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Sedimentary Geology

James Ebert, Earth and Atmospheric Sciences, SUNY College at Oneonta.

This page is a supplement to the original course description found here

Short description of the course:

Field-based research projects can be the heart of a course in sedimentary geology. Course content, organization, readings and laboratory experiences are dictated by the nature of the specific project. Less content may be "covered" with this approach, but students' depth of understanding, sense of accomplishment, and growth in confidence are greatly enhanced. Scientific reasoning skills, which are generally not addressed in the traditional lecture/lab format, increase noticeably. Using this approach, 50% of class projects over 4 years were of sufficient merit to present at regional GSA conferences.

Design Philosophy: How is teaching the methods of geoscience integrated into the course?

My course in Sedimentary Geology (GEOL 360) is designed around a large-scale, semester-long research project. Projects investigate sedimentologic questions or questions of paleoenvironmental interpretation. Other projects examine stratigraphic relationships between outcrops (typically two). Within these contexts, most principles of sedimentary geology can be explored and a variety of geological methods are employed, from asking questions, to forumlating hypotheses, to field observation and interpretation. In addition, the research skills of questioning, forming hypotheses, gathering data, synthesizing and interpreting data, drawing inferences and making conclusions are addressed. For many projects, the additional skills of preparing results for presentation and presentation at conferences are also utilized.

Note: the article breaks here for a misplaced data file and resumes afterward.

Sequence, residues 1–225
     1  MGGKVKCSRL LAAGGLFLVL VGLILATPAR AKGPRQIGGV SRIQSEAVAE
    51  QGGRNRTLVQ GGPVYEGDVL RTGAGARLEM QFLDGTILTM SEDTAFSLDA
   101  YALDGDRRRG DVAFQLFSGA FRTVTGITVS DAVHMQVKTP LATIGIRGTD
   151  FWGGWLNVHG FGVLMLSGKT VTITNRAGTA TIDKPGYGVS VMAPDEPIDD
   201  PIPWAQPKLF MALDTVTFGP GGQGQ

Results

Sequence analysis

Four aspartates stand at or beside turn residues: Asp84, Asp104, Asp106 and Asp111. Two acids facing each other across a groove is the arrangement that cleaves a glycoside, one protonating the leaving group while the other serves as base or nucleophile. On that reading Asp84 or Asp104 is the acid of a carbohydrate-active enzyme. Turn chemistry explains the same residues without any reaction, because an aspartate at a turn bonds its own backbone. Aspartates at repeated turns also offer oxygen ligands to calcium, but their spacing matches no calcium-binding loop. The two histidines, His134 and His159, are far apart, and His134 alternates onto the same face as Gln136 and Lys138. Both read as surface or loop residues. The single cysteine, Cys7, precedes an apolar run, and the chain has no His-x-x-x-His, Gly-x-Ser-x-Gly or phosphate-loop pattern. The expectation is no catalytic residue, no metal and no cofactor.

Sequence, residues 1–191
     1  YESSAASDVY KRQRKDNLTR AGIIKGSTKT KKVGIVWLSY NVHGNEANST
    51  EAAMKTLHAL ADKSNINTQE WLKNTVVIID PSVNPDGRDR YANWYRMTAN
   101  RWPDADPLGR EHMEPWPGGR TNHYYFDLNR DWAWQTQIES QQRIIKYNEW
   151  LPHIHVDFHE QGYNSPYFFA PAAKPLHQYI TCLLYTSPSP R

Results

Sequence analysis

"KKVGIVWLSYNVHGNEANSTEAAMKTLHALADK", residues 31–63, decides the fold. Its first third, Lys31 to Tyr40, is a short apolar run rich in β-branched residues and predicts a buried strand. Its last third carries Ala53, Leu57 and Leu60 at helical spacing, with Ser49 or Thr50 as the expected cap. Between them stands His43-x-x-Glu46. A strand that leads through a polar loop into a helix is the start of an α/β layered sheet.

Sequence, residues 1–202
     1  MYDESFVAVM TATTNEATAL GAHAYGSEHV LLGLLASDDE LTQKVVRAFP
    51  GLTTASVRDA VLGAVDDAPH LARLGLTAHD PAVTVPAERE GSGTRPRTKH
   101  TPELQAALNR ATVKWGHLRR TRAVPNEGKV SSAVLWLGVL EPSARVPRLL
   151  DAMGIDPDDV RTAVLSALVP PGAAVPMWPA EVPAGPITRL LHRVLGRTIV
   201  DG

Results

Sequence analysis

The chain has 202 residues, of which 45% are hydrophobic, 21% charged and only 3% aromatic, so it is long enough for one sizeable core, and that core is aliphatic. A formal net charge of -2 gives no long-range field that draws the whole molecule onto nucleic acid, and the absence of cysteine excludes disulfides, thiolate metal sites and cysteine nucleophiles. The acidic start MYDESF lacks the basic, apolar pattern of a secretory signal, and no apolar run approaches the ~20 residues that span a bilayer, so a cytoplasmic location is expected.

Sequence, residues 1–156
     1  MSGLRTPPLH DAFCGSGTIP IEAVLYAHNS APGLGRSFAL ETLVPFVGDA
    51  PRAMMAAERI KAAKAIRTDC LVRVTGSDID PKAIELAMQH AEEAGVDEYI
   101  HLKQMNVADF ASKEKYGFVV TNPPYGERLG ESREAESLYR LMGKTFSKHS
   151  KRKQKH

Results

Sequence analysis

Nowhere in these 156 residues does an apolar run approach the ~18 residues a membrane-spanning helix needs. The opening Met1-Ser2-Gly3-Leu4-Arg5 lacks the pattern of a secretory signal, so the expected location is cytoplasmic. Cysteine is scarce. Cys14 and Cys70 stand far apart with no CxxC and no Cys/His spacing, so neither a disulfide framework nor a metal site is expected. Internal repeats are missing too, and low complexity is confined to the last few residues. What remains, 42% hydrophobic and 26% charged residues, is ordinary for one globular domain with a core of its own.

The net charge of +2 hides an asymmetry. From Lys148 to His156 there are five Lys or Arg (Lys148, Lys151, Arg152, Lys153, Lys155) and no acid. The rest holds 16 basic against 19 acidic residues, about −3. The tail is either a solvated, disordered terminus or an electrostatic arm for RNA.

Key Activities: How do these activities address teaching the methods of geoscience?

The key activity in this course is a semester long field project. A complete description of projects and their design may be found on the SERC Teaching Sedimentary Geology in the 21st Century website.

Assessment: How are the methods of geoscience assessed?

Student understanding of the methods of geoscience could be assessed by examining the hypotheses they formulate, which data are chosen to answer various questions and how well conclusions are supported by the data presented.


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